Herring Gull vs. Western Gull
Text by Greg Gillson
Photographs by Phil Pickering.
Copyright © 2000, all rights reserved.

Herring and Western gulls really aren't very similar. Nevertheless, because the northern race of Western Gull is not depicted in many field guides, mistakes are made. Many new gull watchers and visitors from out of state, familiar with the darker southern race of Western Gull or the Lesser Black-backed Gull, identify our pale Western Gulls as Herring Gulls. This is especially a problem on Christmas Bird Counts where beginners are asked to identify every bird they see. [All photos taken at D River, Lincoln Co., Oregon]

Herring Gull, adult winter   Western Gull, adult winter
Herring Gull, adult winter
larger view

January 2000

On the right is a typical adult Western Gull. You can see that the mantle is much darker gray than that of the Herring Gull on the left. Notice how white and unmarked the head and breast of the Western Gull is. Pure Western Gull adults always show unmarked heads; apparent Western Gulls with winter head streaks are likely hybrids with Glaucous-winged Gulls. Pure Western Gulls are rare inland, away from the immediate coastline. The winter Herring Gull on the left is perhaps less heavily mottled on the head and breast than is typical for early winter, but more typical for March.

Both of these large gulls have flat foreheads. The bill of Herring Gull is stout, but rather uniform in thickness throughout its length. The bill of Western Gull is massive, with a pronounced hook. The gonys (on the lower mandible where the red spot is) is swollen, and angles up sharply to the bill tip. The bill of Western is colored orangish ("school bus yellow") while the Herring Gull's bill is straw-colored. (The Herring Gull on the left shows a pinkish tinge to the bill, perhaps indicating this is a fourth-winter bird. Gulls live 25 years or longer.)

Western Gull, adult winter
larger view

February 2000
    Western Gull, adult in flight
 

The Western Gull in flight is quite unique. Not only are the undersides of the black primary tips dark, but the entire undersides of the flight feathers on the primaries and secondaries are dark gray. This creates a dark trailing edge on the wing which is visible at a great distance, such as birds out over the sea. In contrast, the underwing of Herring Gull is quite white with black under primary tips which mirror the black on the upper wing.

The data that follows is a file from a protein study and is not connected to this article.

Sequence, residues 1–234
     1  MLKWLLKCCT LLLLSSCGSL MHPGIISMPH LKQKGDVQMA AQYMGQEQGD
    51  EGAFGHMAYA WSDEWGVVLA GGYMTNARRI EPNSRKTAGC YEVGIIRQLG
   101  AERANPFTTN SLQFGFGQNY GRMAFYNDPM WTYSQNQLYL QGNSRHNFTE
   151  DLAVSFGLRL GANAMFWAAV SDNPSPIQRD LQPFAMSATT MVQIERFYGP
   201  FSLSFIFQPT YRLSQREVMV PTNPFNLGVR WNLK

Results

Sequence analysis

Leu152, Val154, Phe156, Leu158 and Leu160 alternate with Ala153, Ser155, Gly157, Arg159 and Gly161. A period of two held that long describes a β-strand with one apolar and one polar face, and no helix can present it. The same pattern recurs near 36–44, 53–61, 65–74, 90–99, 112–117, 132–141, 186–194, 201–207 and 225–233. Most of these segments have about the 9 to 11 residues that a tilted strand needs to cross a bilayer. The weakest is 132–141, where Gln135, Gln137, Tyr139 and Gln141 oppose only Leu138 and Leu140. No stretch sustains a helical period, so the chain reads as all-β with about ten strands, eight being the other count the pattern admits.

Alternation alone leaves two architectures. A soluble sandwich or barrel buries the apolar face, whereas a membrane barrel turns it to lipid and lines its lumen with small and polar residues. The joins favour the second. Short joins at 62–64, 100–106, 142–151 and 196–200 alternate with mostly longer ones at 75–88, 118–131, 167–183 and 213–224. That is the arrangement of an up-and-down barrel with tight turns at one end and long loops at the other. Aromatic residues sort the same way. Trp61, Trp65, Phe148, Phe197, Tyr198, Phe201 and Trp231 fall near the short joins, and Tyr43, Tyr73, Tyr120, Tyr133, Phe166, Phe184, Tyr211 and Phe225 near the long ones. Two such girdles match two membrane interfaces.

Western Gull, adult winter
larger view

March 2000
Herring Gull, first-winter   Western Gull, first-winter
Herring Gull, first-winter
larger view

November 1999

First-winter Western Gulls are big and dark. They are the darkest gull on the beach in winter. The primaries and secondaries (usually not visible on the folded wing, but this bird is holding its wing so that they are exposed) are blackish, as is the tail. The wing coverts have dark brown centers and brown edges. The head, breast, and belly are evenly brown. The bill is large, heavy, and black.

In contrast, the first-winter Herring Gull is much paler, especially about the head. The wing coverts are brown, but have whitish edges and internal bars. By late winter the base of the bill usually becomes pale pinkish.


Western Gull, first-winter
larger view

February 2000
Herring Gull, second-winter   Western Gull, second winter
Herring Gull, second-winter
larger view

November 1999

By the second winter the eye of Herring Gull has turned pale. The longish bill is pink with a black tip. The massive bill of the Western Gull is still mostly black. The backs of both birds have turned adult gray; the gray back of Herring is much paler than the dark gray back on the Western Gull.


Western Gull, second-winter
larger view

February 2000
Herring Gull, Third-winter   Western Gull, Third-winter
Herring Gull, third-winter
larger view

February 2000

Third-winter gulls look quite similar to adults with the following exceptions. The bill usually is not yellow with a red gonys spot. Rather, it is pinkish with black tip. The body plumage is more mottled on the head and breast. The tail is mostly white with a few remnant of a smudged tail band. The wings lack the large white mirrors and apical spots or, if present, they are much smaller than in adult winter plumage.


Western Gull, third-winter
larger view

February 2000


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